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Let $P$ be the set of irrational numbers in $[0,1]$. The set $P$ has Lebesgue measure $1$ and by regularity, there is for every $\epsilon>0$ a compact set $C\subseteq P$ satisfying $\lambda(C)>1-\epsilon$. The proof I know for this fact gives no indication as to how the approximating compact sets might look like. This leaves a big gap in my intuition and I would therefore like to know:

Is there an explicit way to construct for a given $\epsilon>0$ a compact set $C$ of irrational numbers between $0$ and $1$ such that $\lambda(C)>1-\epsilon$?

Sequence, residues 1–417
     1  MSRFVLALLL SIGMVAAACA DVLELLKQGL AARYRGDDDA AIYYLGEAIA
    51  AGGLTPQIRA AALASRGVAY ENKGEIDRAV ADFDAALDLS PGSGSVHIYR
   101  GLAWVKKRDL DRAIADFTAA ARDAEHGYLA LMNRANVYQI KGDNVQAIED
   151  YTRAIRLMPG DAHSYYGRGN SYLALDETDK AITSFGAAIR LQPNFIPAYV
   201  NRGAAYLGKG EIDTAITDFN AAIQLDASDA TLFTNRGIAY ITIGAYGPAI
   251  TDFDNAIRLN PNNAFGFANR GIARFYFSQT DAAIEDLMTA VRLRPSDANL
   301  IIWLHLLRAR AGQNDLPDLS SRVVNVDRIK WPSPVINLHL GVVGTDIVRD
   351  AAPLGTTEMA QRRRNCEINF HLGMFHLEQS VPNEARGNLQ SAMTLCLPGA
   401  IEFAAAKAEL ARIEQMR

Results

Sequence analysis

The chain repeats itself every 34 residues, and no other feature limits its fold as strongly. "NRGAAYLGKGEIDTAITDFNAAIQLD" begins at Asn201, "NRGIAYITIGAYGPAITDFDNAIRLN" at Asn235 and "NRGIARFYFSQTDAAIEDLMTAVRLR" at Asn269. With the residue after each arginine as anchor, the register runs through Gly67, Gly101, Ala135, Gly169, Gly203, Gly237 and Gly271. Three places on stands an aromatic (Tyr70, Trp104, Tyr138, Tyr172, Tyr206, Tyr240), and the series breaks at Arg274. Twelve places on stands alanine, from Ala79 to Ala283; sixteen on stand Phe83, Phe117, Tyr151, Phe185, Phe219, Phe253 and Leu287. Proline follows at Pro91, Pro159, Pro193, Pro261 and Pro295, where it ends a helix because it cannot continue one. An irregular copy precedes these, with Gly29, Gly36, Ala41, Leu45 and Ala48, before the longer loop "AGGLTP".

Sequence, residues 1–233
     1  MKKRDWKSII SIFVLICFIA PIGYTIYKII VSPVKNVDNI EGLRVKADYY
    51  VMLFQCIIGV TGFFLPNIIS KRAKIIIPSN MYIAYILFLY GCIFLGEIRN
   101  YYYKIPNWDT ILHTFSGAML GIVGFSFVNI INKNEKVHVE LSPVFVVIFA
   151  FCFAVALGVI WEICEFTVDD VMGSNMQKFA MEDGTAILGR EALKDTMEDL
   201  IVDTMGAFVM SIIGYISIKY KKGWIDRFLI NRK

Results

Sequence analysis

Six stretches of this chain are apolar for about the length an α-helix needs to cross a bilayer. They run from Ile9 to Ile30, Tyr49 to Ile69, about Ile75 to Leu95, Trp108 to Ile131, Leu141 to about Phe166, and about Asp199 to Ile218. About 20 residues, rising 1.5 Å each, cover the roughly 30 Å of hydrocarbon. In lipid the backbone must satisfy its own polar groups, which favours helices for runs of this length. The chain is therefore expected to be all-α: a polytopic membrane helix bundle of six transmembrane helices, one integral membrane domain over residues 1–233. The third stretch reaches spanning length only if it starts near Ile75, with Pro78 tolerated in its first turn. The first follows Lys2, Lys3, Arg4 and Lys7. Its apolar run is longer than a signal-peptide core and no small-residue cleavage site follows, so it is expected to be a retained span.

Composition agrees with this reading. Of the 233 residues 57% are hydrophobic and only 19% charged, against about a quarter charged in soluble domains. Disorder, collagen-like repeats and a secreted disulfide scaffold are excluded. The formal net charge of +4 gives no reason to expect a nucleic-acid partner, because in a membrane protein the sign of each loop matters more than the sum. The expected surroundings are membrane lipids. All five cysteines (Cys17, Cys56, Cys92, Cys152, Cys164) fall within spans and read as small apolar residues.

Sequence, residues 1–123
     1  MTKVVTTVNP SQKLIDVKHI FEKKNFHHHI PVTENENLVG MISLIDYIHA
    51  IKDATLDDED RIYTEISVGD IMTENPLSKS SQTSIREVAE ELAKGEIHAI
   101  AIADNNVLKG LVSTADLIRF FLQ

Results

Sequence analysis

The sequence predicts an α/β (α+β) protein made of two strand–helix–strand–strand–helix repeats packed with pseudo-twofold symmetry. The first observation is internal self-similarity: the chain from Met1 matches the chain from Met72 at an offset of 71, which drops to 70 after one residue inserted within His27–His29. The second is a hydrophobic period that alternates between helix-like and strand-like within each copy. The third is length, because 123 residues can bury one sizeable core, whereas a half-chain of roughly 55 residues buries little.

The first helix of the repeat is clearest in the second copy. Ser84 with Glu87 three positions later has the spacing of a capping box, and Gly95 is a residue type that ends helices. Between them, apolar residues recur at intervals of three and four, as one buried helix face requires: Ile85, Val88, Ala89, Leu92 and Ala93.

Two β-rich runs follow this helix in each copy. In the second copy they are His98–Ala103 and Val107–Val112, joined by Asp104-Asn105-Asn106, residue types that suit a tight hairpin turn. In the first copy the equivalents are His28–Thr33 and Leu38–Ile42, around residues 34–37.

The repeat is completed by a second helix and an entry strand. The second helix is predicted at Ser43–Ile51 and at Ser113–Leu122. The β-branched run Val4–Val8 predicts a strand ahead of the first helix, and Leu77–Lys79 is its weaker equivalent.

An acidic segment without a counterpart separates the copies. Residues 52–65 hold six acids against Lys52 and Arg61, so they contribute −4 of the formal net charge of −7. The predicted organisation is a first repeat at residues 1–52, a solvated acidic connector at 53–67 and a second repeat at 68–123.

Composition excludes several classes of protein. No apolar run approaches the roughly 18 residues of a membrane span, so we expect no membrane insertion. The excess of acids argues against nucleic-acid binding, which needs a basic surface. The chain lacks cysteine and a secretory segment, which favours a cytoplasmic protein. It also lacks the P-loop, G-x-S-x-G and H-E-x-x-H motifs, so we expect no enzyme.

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up vote 3 down vote accepted

Enumerate $\Bbb Q\cap[0,1]$ as $\{q_n:n\in\Bbb Z^+\}$. Let $$V_{\epsilon}=\bigcup_{n\in\Bbb Z^+}B\left(q_n,\frac{\epsilon}{2^n}\right)\;,$$ and let $K_{\epsilon}=[0,1]\setminus V$.

Note that $K_\epsilon$ is nowhere dense, so it is necessarily a Cantor set.

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Thanx. I should have remembered this construction. –  Michael Greinecker Mar 10 '12 at 13:38

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